As the network is unbound from metal wires and begins to diffuse into the air around us, the number of access points expand enormously. This signals the beginning of the end of the KVM (Keyboard/Video/Mouse) interface. These interaction methods owe their existence to the typewriter — they exist because of tradition, not efficacy. The typewriter is not mobile — it lives on a desk. The laptop has introduced an new mobility — but there is an opening for a new device that reveals how truly painful it is to lug a laptop everywhere. The joystick and other game controller devices point the way for the Web. Binding actions to these new devices will need to become part of our coding standards.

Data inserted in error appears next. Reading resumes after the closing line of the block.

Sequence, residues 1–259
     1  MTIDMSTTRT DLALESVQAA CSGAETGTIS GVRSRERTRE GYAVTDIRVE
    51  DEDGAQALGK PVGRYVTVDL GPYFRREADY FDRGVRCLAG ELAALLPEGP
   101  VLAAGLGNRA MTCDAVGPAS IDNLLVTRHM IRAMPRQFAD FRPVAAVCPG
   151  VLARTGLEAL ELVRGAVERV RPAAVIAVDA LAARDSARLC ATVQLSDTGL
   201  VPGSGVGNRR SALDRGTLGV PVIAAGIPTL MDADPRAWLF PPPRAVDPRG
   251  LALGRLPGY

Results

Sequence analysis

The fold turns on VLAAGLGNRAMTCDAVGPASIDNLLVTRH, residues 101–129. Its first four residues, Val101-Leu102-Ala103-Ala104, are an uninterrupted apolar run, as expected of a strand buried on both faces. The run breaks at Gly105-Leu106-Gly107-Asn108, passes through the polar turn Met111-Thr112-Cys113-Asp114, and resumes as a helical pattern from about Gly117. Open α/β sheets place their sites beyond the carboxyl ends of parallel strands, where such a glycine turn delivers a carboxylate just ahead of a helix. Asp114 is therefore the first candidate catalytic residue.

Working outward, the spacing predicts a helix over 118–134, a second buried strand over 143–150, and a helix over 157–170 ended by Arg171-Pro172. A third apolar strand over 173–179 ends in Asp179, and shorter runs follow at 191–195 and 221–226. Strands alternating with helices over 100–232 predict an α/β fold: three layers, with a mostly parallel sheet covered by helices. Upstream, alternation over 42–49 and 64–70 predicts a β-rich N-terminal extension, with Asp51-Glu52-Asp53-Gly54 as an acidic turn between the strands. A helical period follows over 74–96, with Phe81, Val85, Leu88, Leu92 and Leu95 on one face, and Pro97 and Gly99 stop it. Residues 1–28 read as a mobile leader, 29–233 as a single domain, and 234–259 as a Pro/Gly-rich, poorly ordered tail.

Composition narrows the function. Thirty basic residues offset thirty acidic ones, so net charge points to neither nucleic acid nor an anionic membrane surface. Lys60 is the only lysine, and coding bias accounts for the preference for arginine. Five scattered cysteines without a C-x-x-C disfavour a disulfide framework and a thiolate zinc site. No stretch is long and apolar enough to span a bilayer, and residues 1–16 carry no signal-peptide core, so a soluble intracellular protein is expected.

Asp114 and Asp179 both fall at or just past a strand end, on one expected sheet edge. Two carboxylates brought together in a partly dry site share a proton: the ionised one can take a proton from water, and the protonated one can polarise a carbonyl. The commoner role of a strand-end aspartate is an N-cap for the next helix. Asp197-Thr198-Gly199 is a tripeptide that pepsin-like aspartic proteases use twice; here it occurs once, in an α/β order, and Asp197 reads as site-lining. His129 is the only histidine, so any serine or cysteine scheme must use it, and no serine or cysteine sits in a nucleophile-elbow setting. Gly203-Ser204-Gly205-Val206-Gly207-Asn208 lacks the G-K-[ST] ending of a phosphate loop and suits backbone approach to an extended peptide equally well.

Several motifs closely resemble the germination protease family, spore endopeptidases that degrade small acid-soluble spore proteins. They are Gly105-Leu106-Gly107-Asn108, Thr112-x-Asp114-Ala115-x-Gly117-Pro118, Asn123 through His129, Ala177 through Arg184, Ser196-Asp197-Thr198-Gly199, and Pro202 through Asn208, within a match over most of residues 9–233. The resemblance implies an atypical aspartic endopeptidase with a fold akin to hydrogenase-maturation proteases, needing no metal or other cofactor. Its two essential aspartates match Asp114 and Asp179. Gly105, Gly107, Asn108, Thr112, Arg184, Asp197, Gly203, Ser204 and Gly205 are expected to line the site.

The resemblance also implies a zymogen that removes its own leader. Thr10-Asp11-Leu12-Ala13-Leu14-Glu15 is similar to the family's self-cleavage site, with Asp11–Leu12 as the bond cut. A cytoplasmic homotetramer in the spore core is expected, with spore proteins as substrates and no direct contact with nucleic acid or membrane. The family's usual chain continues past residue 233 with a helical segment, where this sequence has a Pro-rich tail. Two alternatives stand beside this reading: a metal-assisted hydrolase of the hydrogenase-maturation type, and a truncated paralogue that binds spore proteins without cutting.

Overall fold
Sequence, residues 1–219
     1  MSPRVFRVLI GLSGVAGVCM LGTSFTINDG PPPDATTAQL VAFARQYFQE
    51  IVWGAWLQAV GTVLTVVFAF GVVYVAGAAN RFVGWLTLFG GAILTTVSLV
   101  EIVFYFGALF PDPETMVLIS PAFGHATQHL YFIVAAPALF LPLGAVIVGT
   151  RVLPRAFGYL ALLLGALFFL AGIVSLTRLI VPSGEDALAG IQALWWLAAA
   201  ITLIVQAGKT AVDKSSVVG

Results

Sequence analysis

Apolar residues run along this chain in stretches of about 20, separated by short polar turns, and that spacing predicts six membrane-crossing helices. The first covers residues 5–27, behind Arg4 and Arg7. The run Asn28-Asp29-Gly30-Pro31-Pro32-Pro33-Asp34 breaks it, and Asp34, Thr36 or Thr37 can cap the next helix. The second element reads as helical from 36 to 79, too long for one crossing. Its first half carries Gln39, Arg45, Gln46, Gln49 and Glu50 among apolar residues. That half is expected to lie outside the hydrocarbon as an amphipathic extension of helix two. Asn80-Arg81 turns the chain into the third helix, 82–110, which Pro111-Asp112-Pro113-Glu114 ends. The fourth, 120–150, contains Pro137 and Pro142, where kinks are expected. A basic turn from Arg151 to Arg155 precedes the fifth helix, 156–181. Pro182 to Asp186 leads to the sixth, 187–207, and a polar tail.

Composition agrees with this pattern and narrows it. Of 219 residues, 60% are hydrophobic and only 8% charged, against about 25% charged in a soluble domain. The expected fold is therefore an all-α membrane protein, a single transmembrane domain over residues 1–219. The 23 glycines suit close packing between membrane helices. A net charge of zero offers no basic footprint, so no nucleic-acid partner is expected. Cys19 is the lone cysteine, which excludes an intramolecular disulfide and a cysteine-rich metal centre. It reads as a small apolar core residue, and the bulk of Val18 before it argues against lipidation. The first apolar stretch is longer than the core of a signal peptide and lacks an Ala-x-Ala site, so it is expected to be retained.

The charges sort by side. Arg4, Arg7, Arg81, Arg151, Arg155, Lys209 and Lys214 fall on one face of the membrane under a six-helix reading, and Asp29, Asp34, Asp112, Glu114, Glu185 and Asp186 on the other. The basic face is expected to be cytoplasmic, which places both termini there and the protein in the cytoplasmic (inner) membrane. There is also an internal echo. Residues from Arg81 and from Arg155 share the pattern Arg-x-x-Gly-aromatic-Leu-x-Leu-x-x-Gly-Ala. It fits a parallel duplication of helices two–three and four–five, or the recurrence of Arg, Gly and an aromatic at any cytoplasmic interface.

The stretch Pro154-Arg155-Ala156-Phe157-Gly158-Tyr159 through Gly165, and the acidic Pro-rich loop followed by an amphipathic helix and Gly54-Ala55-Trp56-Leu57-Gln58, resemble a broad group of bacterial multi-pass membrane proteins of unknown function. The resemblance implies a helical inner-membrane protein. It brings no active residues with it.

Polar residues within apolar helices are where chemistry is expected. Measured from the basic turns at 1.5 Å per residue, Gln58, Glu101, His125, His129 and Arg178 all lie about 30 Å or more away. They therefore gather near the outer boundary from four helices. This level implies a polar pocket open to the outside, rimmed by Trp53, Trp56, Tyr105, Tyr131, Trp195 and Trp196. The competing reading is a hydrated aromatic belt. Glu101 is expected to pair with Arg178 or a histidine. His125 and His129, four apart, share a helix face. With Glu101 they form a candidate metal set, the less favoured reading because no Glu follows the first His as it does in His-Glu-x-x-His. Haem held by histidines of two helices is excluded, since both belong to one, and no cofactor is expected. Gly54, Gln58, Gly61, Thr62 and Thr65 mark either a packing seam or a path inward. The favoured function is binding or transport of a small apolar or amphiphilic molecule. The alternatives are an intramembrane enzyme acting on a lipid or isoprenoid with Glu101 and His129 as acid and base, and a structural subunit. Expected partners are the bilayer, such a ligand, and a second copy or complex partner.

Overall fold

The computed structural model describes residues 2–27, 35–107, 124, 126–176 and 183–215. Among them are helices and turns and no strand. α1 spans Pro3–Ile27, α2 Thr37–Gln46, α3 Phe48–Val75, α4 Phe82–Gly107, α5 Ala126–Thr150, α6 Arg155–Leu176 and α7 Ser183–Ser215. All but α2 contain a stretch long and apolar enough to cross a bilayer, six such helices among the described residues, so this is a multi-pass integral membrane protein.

The other approach is one taken by Palm and now by Apple: a touch screen that can simulate multiple interfaces. A keyboard and mouse can have true differences in feel and design — but the modes of interaction are well established. A blank touchpad interface that can be visually designed and programmed presents new interaction opportunities for a small form factor device.